The National Theatre of Scotland is bringing an immersive experience to Northwest Arkansas. The Strange Undoing of Prudencia Hart, coming to WAC May 5-7, is a snowy midwinter bash of spooky tales and Scottish ballads, riotous partying and metaphysical romance, in a mock cabaret in the newly renovated Starr Theater.
The Strange Undoing of Prudencia Hart premiered in Glasgow in 2011 and has toured the U.K. and beyond. Once you enter the Starr Theater, take a seat at the communal table, grab a drink from the bar, and soak up the lilting, stomping sounds of traditional Scottish music.
Things get a little more interesting, and surprising, as the five actor-musicians romp around the room, jump on tables and exhort you to toss fake snow in the air, lead a singalong of "Guantanamera" and a Kylie Minogue pop tune and tell you the story of a high maintenance academic who is snowbound in Scotland. Little does she know what the night holds for her, and in fact, neither does the audience...
According to director Wils Wilson (who created the show with playwright David Greig), Prudencia Hart was inspired by border ballads - long narrative poems and songs from the Scottish hinterlands that border England. These are stories that have been passed down for centuries.
Wilson says of the border ballads, "they deal will all the really good stuff - birth, death, love betrayal and the supernatural." Another inspiration? "The Scottish ceilidh, a traditional night of folk songs, poetry and dancing with an atmosphere of conviviality out of which a story could suddenly spring." This nontraditional ceilidh focuses on Prudencia, a passionate young expert on border ballads and a fish out of water among more cynical colleagues at a conference in Kelso (Scotland, not Washington).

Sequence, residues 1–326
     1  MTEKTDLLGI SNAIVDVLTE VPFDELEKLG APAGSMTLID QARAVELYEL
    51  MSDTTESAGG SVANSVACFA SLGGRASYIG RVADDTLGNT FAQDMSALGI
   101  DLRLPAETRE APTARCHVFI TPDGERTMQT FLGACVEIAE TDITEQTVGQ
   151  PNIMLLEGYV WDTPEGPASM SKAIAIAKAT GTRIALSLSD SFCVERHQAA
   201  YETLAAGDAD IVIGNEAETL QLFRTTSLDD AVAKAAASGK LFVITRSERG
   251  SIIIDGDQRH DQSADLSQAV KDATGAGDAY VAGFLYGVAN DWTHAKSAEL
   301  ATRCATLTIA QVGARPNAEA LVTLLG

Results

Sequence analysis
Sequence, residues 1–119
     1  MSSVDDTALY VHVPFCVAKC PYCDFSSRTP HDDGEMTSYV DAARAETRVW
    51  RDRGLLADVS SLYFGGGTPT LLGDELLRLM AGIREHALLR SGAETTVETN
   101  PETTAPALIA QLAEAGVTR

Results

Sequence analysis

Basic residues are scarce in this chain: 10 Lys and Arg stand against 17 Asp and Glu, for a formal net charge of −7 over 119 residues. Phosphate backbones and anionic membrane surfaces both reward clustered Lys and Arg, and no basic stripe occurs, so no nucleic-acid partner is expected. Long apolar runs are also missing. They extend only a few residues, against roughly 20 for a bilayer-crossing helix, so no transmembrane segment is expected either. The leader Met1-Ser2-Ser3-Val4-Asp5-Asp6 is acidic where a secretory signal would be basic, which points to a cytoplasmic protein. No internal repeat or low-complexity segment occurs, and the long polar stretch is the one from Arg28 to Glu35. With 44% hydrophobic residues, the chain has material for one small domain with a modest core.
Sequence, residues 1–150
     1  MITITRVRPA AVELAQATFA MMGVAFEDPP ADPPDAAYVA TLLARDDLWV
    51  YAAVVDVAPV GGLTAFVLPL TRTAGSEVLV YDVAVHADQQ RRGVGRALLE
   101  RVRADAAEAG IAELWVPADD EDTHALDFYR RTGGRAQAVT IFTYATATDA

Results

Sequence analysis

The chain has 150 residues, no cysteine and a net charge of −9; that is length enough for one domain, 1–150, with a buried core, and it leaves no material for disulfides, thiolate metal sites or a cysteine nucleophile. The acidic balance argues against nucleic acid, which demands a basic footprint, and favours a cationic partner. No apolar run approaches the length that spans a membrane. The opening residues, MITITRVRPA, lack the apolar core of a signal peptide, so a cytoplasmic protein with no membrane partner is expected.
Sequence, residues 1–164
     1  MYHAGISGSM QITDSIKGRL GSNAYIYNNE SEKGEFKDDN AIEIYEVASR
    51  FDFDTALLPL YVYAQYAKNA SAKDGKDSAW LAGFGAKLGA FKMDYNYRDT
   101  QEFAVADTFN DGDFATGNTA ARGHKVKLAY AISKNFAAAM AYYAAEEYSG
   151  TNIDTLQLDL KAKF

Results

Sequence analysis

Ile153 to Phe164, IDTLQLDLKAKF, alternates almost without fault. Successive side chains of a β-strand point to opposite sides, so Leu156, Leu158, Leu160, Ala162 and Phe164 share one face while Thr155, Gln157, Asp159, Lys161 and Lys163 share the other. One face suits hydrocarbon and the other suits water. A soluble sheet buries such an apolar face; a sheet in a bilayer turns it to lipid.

When Prudencia is unable to drive home to Edinburgh, she visits a pub where a "folk night" spirals into a riotous, drunken debacle (and audience participation is certainly encouraged). Shaken, Prudencia takes shelter in a (literally) hellish bed and breakfast run by a rather sinister host.
"The fact that the actors are right in amongst the audience means they have to be absolutely in the moment," says Wils. "When they do that the audience responds and all their imagination, emotion and humor come out too." Sitting in a bar, rather than a theater, with a beer in hand of course, "relaxes people and intrigues them."
The 10-year-old National Theatre of Scotland has performed more than 200 productions. The locations vary: airports, schools, apartment buildings, community halls, ferries and forests. "The most important interaction," says Wils, "is that of the imagination of the audience with the story being told."